Ebay Introduces the World’s First Emotionally-Powered Store Showing How the Brain Works...

Ebay Introduces the World’s First Emotionally-Powered Store Showing How the Brain Works While Shopping

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Image Source | Youtube.com

Christmas may be the season of giving, family gatherings, and vacations, but tell that to those who need to do the stressful task of shopping. In fact, Ebay now has the scientific evidence to prove this. Ebay has partnered with US tech firm Lightwave to create the world’s first “Emotionally Powered Store” located in London. It uses facial decoding technology to decide the Christmas presents you need to buy for your loved ones. Ebay has been using this sort of technology to study how the brain works while shopping for gifts. A person easily loses motivation to shop for gifts – whether in a store or online – in around half an hour especially when choosing is the difficulty. To resolve this difficulty issue, Ebay will run interactive screens in its store that shows customers a range of gift ideas in a short space of time.

ebay-store-300x154 Ebay Introduces the World’s First Emotionally-Powered Store Showing How the Brain Works While Shopping
Image Source | Youtube.com

At the same time it will measure facial expressions and how long individuals spend looking at each gift to measure emotional response.  The store opened on Tuesday, November 29, and will run for two more days. In more detail, Ebay’s new Oxford Circus Store in London has installed cubicles with the aforementioned interactive screens. Called “biometric pods,” customers can use these cubicles to find out what gift ideas will be the most emotionally satisfying to give. According to Ebay’s Senior Retail Director Rhian Bartlett, “to use the service, customers should go in with an open mind, and concentrate on the person they’re shopping for.” For instance, if you’re buying a gift for your mom and dad, you need to really think about them. If they’re the types of persons who buy things that they need more than fancy stuff, then they’re not easy people to buy gifts for, and so the customer needs to really focus on them.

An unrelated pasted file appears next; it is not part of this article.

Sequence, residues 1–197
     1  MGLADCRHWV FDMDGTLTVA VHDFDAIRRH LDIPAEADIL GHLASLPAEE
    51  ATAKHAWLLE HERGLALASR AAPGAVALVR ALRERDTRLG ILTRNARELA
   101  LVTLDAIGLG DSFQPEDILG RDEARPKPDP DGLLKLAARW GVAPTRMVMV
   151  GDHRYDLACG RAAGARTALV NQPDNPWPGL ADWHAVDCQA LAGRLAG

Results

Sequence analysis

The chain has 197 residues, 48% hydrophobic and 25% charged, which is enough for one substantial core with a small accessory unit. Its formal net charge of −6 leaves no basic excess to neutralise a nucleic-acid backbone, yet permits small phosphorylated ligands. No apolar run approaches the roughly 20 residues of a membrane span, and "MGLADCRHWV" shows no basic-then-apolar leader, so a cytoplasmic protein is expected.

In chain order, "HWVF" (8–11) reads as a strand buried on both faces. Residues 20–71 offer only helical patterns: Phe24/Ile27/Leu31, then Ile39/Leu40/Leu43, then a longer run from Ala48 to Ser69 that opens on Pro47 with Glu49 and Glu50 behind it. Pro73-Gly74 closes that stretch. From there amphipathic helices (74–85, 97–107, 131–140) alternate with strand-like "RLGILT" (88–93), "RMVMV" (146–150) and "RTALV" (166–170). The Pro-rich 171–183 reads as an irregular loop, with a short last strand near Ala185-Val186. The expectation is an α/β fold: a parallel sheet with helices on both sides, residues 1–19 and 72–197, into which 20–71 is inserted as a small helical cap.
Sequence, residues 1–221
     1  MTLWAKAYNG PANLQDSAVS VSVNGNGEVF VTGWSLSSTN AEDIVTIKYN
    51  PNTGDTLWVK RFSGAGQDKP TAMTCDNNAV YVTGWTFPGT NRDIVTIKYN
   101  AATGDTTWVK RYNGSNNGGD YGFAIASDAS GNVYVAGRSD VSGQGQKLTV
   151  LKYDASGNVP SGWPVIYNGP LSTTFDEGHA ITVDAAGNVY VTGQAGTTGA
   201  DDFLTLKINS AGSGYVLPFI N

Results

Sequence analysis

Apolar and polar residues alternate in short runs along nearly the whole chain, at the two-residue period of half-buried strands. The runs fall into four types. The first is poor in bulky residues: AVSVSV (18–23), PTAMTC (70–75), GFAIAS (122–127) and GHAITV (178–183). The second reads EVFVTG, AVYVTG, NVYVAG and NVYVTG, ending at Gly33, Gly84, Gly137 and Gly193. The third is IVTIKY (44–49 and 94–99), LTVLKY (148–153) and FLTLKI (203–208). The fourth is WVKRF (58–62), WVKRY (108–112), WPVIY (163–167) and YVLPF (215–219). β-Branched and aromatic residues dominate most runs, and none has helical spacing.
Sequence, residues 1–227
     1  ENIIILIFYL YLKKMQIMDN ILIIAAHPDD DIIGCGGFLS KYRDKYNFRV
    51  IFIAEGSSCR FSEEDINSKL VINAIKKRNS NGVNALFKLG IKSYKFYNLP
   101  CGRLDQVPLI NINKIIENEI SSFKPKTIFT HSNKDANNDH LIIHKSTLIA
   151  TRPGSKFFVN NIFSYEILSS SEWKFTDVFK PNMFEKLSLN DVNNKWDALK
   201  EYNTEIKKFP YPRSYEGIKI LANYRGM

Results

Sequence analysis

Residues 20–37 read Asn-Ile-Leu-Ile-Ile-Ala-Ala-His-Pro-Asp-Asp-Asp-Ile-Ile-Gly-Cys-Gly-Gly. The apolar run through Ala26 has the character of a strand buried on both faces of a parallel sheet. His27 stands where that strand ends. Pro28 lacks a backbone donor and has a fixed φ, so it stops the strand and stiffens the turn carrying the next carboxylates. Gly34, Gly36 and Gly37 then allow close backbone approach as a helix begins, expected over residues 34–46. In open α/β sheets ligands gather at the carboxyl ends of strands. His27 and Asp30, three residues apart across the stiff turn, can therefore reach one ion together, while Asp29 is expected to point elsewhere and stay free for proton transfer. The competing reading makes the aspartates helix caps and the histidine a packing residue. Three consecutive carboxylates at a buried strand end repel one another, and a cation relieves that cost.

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Once the customer signs up with their name, age, and email address, a series of 12 gift ideas are presented, while cameras inside the booth monitor the customer’s facial expressions.  The whole process takes around five minutes. The customer has the option to look through the items again. At this point, the cameras are reading how long the customer spends on each item, as well as how they react to a specific gift. Once the customer is finished, the pod automatically sends the customer an email listing the gifts that appealed the most. These choices are usually three or four in number so you can select better. The customer doesn’t always have to get the top items listed, but the service does offer an insight into the types of gifts that a customer might want to buy for their loved ones. While the booths display just 12 gift ideas, Ebay’s London store allows people to purchase up to 150 selected items. A small portion of the profits in the purchase sales will go to a number of selected charities.

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